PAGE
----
I'm doing my last day of calls for work. I'm still going to be doing some work for the firm, but this is my last real day.
It's surreal. Nothing is different, or special. Just the end of one career and the start of a new one.
I feel like I want to cry.
I remember the start of law school. I remember thinking I'd be a lawyer for the rest of my life. I remember looking forward to wearing business suits and heels and briefcases and, basically, pretending to be a lawyer. I remember being so proud of my profession and completely identifying my worth by it. I enjoyed saying I was in law school, and later, that I was a lawyer. I liked that look that people got of raised eyebrows and a little intimidation.
I remember telling lawyers I knew personally that I was going to law school. I remember every single one of them urging me to take a year off, or choose a different profession, instead of going to law school. I remember thinking that odd, because I was going to change the world, save humanity, and be perfect and have status and prestige.
But those lawyers knew. They knew what I now know. Lawyering is depressing and hard and thankless. And the people, the kind of the people that lawyering attracts are people who like to argue and fight and win at all costs. The best kinds of litigators are the biggest assholes, because they get a charge out of it.
I don't think I ever liked arguing in person. I did like arguing a point on paper. But I never wanted to rise to the level of jerk that, really, I needed to be. As I progressed, over 16 years, well....I just didn't see the benefit of it. It's so sad and depressing. People who need lawyers, even people who need lawyers who have money, hate to hire them. So that lawyering for me is not just about fighting the other side, but fighting your client to get them to understand they need you. Private practice - I've actually gotten a lot of clients and I realized why this week - because I don't care about their problem and don't want them to hire me. I have unintentionally played hard to get and THAT, that is how I snag them. Isn't that a sad job to have?
And working all the time. You know how many hours lawyers typically work in a year? 2400 is a low estimate. That's BILLED time. And without weekends, that's about 8.6 hours a day BILLED. And no one bills every second they are at the office - it's impossible because you can't bill a client for saying hi or eating lunch or checking in with your spouse or going to the bathroom or drinking coffee or surfing the internet. If you billed 8.6 hours in a day, you're probably AT the office, away from home, 11.5 hours a day. Again, that's assuming you never work weekends, and I have NEVER met a lawyer who doesn't work weekends. And you never see your family, are constantly stressed about clients and work and money, and no one likes you.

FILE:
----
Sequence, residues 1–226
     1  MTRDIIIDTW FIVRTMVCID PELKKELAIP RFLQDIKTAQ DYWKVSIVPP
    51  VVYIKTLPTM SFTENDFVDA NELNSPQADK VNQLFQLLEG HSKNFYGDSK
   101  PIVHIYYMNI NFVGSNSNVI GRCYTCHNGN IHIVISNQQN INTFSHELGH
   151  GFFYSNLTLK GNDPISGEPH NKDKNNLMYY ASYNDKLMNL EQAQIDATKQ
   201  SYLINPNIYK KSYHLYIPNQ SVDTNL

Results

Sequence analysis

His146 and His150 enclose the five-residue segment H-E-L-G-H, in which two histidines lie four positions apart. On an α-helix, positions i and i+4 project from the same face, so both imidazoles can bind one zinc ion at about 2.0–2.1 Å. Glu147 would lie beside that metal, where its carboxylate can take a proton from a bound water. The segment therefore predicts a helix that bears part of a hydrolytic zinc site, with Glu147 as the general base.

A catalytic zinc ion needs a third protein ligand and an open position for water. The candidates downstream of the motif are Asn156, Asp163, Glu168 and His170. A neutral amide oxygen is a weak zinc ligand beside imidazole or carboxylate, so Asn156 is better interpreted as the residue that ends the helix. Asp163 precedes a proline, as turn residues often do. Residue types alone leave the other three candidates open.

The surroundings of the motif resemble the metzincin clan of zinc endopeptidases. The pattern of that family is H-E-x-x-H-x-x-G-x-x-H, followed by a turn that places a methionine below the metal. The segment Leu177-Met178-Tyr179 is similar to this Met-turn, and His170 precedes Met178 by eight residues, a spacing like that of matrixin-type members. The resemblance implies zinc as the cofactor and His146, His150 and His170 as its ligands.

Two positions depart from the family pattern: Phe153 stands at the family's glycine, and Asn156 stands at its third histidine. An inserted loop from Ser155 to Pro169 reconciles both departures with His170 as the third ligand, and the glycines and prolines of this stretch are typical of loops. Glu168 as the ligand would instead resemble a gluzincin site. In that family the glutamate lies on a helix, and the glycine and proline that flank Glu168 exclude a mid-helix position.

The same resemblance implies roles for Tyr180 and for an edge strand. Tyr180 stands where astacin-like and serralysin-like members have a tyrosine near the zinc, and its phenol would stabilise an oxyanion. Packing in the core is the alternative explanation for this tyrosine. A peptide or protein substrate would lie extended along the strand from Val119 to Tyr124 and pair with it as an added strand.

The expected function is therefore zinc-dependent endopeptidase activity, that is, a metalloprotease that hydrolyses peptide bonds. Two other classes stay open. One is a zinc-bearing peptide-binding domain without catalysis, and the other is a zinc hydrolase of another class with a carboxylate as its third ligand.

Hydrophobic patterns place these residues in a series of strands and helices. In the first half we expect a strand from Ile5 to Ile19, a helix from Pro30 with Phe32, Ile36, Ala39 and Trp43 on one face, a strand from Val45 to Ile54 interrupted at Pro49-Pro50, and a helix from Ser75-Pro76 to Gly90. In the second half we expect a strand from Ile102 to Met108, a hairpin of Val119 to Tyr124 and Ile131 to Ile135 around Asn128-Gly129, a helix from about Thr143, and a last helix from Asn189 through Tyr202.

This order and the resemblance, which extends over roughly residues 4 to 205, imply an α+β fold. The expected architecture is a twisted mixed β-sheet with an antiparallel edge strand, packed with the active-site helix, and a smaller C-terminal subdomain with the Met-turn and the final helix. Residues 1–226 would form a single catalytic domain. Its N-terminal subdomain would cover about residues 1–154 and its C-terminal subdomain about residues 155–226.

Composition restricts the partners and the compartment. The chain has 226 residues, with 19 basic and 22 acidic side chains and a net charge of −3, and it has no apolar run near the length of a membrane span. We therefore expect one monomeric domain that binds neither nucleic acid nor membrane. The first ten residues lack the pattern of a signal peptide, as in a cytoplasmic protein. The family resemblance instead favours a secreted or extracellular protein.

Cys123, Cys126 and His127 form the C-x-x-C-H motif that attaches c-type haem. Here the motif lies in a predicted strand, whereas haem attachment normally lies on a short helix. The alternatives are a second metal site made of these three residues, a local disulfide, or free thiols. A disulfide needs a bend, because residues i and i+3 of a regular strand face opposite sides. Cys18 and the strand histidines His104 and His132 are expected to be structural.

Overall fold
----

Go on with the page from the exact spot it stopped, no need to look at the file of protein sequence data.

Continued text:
My mother, the German native that she is, has said I have wasted the last 16 years. (I did not inherit my emotional intelligence from her) I don't think she's right. Because everything I do right now, the sum total of me, which makes me want to be a teacher and which I think will help me be a great teacher, is the culmination of all of my experiences being a lawyer.
I hate when people say "this is the end of an era." Well, guess what, today represents for me, the end of an era. I'm still licensed, I still have clients, I still work for the firm - part part time. But my identity is changing. My insides are different somehow, and they've been different from that hungry new lawyer circa 1997 for a while now. And acknowledging the change is daunting.
I have another friend who thinks I'm running away from being a lawyer. Believe me, this thing I'm doing, it is not cowardly. Changing one's career at age 42 may be unwise and silly, but it is also rife with fear and lack of security. Basically I am scared to death.
And I'm going to step off the cliff anyway.